Dance Wherever You May Be

Do you ever look back at your life and think, if I’d gone in that direction, where would I be now?

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I can see one such fork in the path in my past. My best friend asked me to move in with her and share an apartment in the city. At the time I didn’t think I made enough money so I said no. If I had moved in to that apartment, I wouldn’t have ended up in the mountains. So very many things would have turned out different. I also wonder how many things would have turned out different for her, if I’d said yes.

Recently I was encouraging my son to look at different job options. He’s been applying all over for work but not having much luck. The words that left my mouth were along the lines of ‘stop-gap’ jobs, some money is better than none, you have bills to pay. Of course all those words were related to just one word – responsibility.

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And of course they were words he already knew.

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He told me later that he was going to have to quit school. He didn’t want to take on student debt, but he couldn’t afford the university, plus save for overseas trips he was going to have to take as a result of his courses, plus pay his bills. I told him we’d talk more when we met for lunch.

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A few hours later, it hit me.

In 1977 I was looking at what elective classes I had to take in my senior year. I wanted to take creative writing. I dreamed of being a writer. Not just a writer, but published. Only a few people at that time knew I wrote secretly. Voraciously. My mother talked me into taking a beauty school class.

Her arguments were persuasive. A job as soon as I graduated. A job I could ‘always fall back on’. A job that ‘would hold me over’. Plus I’d save the family money because they wouldn’t have to pay to get haircuts. And if I ever married or had kids, we’d save money there, too.

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I took the expected path. And wrote secretly for another twenty years.

Everything I’d just said to my son was a repeat of history – pushing him down the path of responsibility. Pushing him away from his dreams.

Shouldn’t we be able to dream until we learn the reality on our own?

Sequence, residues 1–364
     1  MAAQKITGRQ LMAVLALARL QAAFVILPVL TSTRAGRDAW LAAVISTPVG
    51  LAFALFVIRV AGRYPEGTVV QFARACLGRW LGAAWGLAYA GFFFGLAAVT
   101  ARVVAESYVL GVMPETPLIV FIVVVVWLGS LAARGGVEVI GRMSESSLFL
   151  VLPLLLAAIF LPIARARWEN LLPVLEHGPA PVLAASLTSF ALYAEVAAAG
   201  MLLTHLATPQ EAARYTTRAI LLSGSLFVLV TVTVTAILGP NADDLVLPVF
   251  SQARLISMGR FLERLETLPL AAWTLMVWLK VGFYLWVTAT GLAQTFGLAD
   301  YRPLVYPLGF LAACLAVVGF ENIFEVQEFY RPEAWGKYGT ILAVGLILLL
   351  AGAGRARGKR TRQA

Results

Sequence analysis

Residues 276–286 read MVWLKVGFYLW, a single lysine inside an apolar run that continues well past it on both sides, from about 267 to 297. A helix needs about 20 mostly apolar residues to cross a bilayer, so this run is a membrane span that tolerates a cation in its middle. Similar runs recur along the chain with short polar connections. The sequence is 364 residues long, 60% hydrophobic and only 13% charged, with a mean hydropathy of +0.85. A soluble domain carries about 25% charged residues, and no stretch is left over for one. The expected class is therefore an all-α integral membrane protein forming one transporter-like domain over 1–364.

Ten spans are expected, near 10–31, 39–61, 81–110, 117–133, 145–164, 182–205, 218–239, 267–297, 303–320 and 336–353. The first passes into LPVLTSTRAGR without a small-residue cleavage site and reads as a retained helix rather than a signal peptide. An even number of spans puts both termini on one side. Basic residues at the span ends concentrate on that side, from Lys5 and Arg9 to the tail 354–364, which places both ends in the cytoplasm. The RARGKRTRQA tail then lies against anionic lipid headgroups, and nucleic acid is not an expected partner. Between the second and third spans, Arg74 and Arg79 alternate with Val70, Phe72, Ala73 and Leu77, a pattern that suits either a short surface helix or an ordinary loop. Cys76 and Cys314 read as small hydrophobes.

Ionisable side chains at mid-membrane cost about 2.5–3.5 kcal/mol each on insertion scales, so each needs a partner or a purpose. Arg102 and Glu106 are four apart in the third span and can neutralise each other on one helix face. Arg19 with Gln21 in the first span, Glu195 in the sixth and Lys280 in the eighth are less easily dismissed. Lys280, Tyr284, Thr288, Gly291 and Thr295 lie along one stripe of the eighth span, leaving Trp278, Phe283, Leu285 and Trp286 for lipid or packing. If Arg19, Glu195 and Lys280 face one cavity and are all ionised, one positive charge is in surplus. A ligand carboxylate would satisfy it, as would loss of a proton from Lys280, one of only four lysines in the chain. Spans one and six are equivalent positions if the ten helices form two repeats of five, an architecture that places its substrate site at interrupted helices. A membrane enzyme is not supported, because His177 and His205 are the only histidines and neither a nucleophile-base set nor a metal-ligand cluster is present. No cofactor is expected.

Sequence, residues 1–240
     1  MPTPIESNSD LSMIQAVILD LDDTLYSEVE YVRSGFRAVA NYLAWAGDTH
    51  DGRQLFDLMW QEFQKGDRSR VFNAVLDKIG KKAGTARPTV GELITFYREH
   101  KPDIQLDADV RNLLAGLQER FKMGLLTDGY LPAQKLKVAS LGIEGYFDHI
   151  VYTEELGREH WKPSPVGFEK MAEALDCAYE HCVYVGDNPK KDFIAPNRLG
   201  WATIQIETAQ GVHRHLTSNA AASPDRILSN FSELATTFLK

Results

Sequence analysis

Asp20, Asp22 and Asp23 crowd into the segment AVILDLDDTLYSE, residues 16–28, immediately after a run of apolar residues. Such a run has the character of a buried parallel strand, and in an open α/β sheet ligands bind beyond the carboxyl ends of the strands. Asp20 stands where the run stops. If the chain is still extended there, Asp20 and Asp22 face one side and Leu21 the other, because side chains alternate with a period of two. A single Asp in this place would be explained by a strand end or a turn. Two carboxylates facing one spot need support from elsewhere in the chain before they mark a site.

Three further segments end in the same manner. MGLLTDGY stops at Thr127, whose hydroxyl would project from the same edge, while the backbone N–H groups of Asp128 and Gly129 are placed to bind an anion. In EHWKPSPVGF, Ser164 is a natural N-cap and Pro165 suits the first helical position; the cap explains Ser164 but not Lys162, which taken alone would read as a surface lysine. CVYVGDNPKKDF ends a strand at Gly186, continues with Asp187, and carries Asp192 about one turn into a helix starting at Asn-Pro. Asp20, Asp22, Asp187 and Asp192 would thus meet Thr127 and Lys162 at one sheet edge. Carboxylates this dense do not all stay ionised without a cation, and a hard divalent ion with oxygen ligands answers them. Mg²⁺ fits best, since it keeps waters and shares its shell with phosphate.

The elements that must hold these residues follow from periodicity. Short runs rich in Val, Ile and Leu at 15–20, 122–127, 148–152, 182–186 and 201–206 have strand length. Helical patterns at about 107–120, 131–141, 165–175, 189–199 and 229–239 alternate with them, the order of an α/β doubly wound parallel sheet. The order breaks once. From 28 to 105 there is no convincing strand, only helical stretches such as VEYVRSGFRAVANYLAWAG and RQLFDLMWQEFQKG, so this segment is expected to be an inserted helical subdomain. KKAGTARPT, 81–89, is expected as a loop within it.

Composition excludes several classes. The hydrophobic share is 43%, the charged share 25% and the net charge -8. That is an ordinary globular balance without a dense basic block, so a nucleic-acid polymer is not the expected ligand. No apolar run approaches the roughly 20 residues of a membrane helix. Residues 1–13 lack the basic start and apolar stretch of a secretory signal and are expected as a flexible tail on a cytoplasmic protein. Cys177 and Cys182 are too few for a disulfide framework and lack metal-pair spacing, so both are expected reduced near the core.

Shouldn’t we be able to hold on to those dreams as long as possible?

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The problem has always been balancing the dreams with the responsibilities of life.

The problem is when there’s two paths to take, that middle ground is open territory with no trail. You’re bushwhacking with no compass. So most of us stick to the path, whichever it is and wherever it takes us.

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I want my son to pay his bills, to have benefits, to have financial security.

But the thing is, I want him to follow his dreams, too.

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All those paths before us. Do you remember when the roads forked before you? Can you pinpoint a time when you went in one direction, and what happened because of that choice?

I don’t regret where life landed me because of the path I took.

But I regret those twenty years.

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Inherited Memories

Do you ever wonder if the story you remember actually belongs to you, or if you’ve taken someone else’s history and made it your own?

I’m not talking about déjà vu.

I’m talking about northeastern Montana.

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My family homesteaded there. They’ve been populating those little towns for generations. Busily populating, mind you. They’re a prolific lot. It’s where my first father grew up and where we visited often, and where we still return. My youngest sister moved back there, I think to have that connection to our history and our family. Although things rarely turn out like we hope.

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The annual excursions involved an uncle taking us to the badlands. They spread across Bureau of Land Management country, private rangeland, and the Sioux reservation. You can see amazing wind-sculpted sandstone, countryside cut deeply by weather, and wild, unforgiving places where you can easily disappear. You can find agates and fossilized wood, dinosaur bones and fossils. It’s in the same area as the famous archaeological digs around Fort Peck. It’s a land that bares its age to the elements.

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On the way, we always stopped at this tiny store to stock up on water and soda for the uncle. Almost seventy years ago an eighteen-year-old boy died there, shot in a robbery. He was my uncle’s friend. Every time we walk in that store I wonder if my uncle sees the boy there.

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Every time we walk in that store I look for the boy because the story has become mine. I’ve heard it hundreds of times. My uncle tells it every time we drive that highway. I’ve absorbed the words into the sense of place so that it is tied up with heat and dry washes and old bones.